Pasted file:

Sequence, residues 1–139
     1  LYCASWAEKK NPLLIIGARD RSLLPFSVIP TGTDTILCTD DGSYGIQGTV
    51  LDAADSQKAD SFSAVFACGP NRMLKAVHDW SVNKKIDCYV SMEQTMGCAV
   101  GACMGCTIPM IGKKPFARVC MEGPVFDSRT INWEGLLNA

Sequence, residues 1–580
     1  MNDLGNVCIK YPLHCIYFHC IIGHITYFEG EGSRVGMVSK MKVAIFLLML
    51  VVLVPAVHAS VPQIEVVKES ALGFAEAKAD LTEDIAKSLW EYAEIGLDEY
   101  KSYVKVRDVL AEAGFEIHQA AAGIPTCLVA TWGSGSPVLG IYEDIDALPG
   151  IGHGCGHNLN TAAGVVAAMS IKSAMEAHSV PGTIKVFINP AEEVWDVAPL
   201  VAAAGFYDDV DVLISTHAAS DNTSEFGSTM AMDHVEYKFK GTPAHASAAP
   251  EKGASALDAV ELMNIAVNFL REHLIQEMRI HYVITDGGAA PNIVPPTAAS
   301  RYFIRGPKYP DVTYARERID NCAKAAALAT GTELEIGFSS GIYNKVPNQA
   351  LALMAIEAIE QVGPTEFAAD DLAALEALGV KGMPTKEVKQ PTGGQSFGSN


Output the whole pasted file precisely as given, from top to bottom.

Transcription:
Sequence, residues 1–139
     1  LYCASWAEKK NPLLIIGARD RSLLPFSVIP TGTDTILCTD DGSYGIQGTV
    51  LDAADSQKAD SFSAVFACGP NRMLKAVHDW SVNKKIDCYV SMEQTMGCAV
   101  GACMGCTIPM IGKKPFARVC MEGPVFDSRT INWEGLLNA

Sequence, residues 1–580
     1  MNDLGNVCIK YPLHCIYFHC IIGHITYFEG EGSRVGMVSK MKVAIFLLML
    51  VVLVPAVHAS VPQIEVVKES ALGFAEAKAD LTEDIAKSLW EYAEIGLDEY
   101  KSYVKVRDVL AEAGFEIHQA AAGIPTCLVA TWGSGSPVLG IYEDIDALPG
   151  IGHGCGHNLN TAAGVVAAMS IKSAMEAHSV PGTIKVFINP AEEVWDVAPL
   201  VAAAGFYDDV DVLISTHAAS DNTSEFGSTM AMDHVEYKFK GTPAHASAAP
   251  EKGASALDAV ELMNIAVNFL REHLIQEMRI HYVITDGGAA PNIVPPTAAS
   301  RYFIRGPKYP DVTYARERID NCAKAAALAT GTELEIGFSS GIYNKVPNQA
   351  LALMAIEAIE QVGPTEFAAD DLAALEALGV KGMPTKEVKQ PTGGQSFGSN